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"Stop thief ! stop thief ! — a highwayman!”

Not one of them was mute;
And all and each that pass'd that way.

Did join in the pursuit.
And now the turnpike gates again

Flew open in short space;
The toll-men thinking as before,

That Gilpin rode a race.
And so he did, and won it too,

For he got first to town;
Nor stopp'd till where he had got up

He did again get down.
Now let us sing, long live the king,

And Gilpin long live he ;
And when he next doth ride abroad,
May I be there to see !



PANSIES, lilies, kingcups, daisies,
Let them live upon their praises ;
Long as there's a sun that sets,

Primroses will have their glory;
Long as there are violets,

They will have a place in story:
There's a flower that shall be mine,
'Tis the little Celandine.
Eyes of some men travel far
For the finding of a star ;
Up and down the heavens they go,

Men that keep a mighty rout

I'm as great as they, I trow,

Since the day I found thee out,
Little Flower! I'll make a stir,
Like a sage astronomer.
Modest, yet withal an Elf
Bold, and lavish of thyself;
Since we needs must first have met

I have seen thee, high and low,
Thirty years or more and yet,

'Twas a face I did not know;
Tbou hast now, go where I may,
Fifty greetings in a day.
Ere a leaf is on a bush,
In the time before the thrush
Has a thought about her nest,

Thou wilt come with half a call,
Spreading out thy glossy breast

Like a careless Prodigal ;
Telling tales about the Sun,
When we've little warmth, or none.

Poets, vain men in their mood !
Travel with the multitude:
Never heed them ; I aver

That they all are wanton wooers;
But the thrifty cottager,

Who stirs little out of doors, Joys to spy thee near her home; Spring is coming, thou art come! Comfort have thou of thy merit, Kindly, unassuming Spirit ! Careless of thy neighbourhood,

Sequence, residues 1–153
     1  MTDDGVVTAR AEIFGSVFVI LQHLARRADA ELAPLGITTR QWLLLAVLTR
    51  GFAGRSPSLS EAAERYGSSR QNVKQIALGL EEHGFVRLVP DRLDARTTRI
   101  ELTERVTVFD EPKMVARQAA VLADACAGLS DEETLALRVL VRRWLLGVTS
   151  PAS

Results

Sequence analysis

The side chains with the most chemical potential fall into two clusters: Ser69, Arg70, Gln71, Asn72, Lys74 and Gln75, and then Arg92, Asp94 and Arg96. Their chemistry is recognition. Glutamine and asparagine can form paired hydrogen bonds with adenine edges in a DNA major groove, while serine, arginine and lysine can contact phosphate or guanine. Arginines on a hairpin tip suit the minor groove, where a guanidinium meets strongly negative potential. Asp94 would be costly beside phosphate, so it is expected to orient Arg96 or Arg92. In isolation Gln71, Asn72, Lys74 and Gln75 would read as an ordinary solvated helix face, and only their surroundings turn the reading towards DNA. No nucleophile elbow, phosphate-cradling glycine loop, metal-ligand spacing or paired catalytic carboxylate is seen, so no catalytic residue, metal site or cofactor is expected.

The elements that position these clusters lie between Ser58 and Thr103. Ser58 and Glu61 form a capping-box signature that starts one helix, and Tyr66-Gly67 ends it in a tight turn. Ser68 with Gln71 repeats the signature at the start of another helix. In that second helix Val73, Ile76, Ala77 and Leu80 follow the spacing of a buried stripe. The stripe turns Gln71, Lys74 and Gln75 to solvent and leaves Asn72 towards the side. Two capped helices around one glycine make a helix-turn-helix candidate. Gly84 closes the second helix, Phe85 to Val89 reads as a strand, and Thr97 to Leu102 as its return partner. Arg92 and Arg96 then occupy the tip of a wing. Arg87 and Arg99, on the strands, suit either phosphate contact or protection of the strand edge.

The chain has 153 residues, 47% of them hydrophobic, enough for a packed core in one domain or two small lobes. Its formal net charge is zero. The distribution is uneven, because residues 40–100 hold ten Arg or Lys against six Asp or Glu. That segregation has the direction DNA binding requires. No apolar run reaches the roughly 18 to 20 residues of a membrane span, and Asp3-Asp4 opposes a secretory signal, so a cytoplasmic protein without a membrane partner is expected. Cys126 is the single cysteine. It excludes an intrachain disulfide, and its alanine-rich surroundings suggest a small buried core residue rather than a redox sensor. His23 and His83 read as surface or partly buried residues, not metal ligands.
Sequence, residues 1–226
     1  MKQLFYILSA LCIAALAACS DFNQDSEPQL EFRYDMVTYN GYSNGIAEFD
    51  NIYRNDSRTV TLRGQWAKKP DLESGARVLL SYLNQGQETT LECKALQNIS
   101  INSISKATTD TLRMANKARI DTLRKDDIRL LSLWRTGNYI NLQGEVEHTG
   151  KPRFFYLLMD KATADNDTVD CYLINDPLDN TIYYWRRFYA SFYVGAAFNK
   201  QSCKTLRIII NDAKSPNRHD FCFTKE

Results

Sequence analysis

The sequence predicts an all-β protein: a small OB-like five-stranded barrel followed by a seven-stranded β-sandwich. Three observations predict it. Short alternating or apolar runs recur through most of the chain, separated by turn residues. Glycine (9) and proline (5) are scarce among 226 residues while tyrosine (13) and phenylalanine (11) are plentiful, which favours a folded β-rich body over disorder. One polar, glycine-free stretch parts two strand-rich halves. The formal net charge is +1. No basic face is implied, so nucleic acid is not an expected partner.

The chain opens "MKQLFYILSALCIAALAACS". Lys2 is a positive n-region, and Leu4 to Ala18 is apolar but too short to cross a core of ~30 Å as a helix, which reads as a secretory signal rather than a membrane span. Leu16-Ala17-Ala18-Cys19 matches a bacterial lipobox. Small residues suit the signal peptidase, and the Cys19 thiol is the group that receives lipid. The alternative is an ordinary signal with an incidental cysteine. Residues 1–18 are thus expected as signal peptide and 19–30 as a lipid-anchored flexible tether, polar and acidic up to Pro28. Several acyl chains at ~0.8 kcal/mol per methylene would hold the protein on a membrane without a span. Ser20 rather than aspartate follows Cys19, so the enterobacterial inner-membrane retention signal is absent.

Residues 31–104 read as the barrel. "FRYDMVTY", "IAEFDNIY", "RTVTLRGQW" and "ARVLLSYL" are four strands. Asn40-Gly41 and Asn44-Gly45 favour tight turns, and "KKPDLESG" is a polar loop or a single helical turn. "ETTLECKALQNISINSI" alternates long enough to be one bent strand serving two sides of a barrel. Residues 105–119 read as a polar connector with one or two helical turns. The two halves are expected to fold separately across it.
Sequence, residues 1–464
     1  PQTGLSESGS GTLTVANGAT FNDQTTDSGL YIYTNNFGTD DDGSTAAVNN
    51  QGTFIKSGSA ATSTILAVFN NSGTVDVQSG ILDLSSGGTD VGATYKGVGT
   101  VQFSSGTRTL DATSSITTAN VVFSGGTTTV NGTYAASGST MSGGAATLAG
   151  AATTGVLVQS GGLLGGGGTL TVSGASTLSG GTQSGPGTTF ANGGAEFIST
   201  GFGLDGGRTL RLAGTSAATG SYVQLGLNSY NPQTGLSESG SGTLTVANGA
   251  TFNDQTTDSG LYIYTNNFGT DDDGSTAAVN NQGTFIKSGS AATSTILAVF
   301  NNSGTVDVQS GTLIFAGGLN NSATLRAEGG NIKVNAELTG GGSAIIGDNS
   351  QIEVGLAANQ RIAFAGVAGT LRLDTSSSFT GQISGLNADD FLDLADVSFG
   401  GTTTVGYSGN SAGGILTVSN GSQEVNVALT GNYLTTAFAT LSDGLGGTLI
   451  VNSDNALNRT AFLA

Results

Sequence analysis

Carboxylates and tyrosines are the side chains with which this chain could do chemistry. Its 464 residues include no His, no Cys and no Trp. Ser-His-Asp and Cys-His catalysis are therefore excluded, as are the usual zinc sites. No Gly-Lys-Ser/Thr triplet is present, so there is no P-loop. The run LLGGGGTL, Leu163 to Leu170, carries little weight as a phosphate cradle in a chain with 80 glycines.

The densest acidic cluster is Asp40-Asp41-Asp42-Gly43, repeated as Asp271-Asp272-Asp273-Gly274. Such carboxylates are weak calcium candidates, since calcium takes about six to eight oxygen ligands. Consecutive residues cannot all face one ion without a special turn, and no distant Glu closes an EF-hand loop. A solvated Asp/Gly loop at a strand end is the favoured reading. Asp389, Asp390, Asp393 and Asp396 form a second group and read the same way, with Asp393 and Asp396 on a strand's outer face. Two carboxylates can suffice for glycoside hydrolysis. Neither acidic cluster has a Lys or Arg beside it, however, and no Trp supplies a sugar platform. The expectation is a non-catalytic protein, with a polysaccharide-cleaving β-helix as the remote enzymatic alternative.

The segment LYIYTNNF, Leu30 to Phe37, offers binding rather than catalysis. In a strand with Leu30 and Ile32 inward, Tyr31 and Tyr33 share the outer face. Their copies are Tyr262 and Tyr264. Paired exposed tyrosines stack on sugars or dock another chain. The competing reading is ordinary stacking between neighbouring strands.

Thou dost show thy pleasant face On the moor and in the wood,

In the lane ; there's not a place,
Howsoever mean it be,
But 'tis good enough for thee.
Ill tefal the yellow flowers,
Children of the flaring hours !
Buttercups, that will be seen,

Whether we will see or no;
Others, too, of lofty mien ;

They have done as worldlings do,
Taken praise that should be thine,
Little, humble Celandine.
Prophet of delight and mirth,
Ill-requited upon earth;
Herald of a mighty band,

Of a joyous train ensuing,
Serving at my heart's command,

Tasks that are no tasks renewing,
I will sing as doth behove,
Hymns in praise of what I love!


Tur shades of night were falling fast,
As through an Alpine village passed
A youth, who bore, 'mid snow and ice,
A banner, with the strange device,

His brow was sad ; his eye beneath
Flashed like a faulchion from its sheath,
And like a silver clarion rung
The accents of that unknown tongue,


In happy homes he saw the light
Of household fires gleam warm and bright;
Above the spectral glaciers shone,
And from his lips escaped a groan,

Excelsior! “ Try not the Pass!” the old man said, “Dark lowers the tempest overhead, “ The roaring torrent is deep and wide!” And loud that clarion voice replied,

Excelsior! “O stay!” the maiden said, “and rest “ Thy weary head upon this breast !” A tear stood in his bright blue eye, But still he answered, with a sigh,

Excelsior! “ Beware the pine-trees withered branch ! “Beware the awful avalanche ! ” This was the peasant's last good night! A voice replied, far up the height,

Excelsior !
At break of day, as heavenward
The pious monks of Saint Bernard
Uttered the oft-repeated prayer,
A voice cried through the startled air,

A traveller, by the faithful hound,
Half-buried, in the snow was found,
Still grasping in his hand of ice
That banner, with the strange device,

There, in the twilight cold and gray,
Lifeless, but beautiful he lay,

And from the sky, serene and far,
A voice fell, like a falling star,




YE Mariners of England,
That guard our native seas;
Whose flag has braved a thousand years,
The battle and the breeze!
Your glorious standard launch again,
To match another foe!
And sweep through the deep,
While the storm winds do blow;
While the battle rages loud and long,
And the stormy winds do blow.

The spirits of your fathers
Shall start from every wave! —
For the deck it was their field of fame,
And Ocean was their grave;
Where Blake and mighty Nelson fell,
Your manly hearts shall glow,
As ye sweep through the deep,
While the stormy winds do blow;
While the battle rages loud and long,
And the stormy winds do blow.

Britannia needs no bulwarks,
No towers along the steep;
Her march is o'er the mountain-waves,
Her home is on the deep.
With thunders on her native oak,
She quells the floods below,

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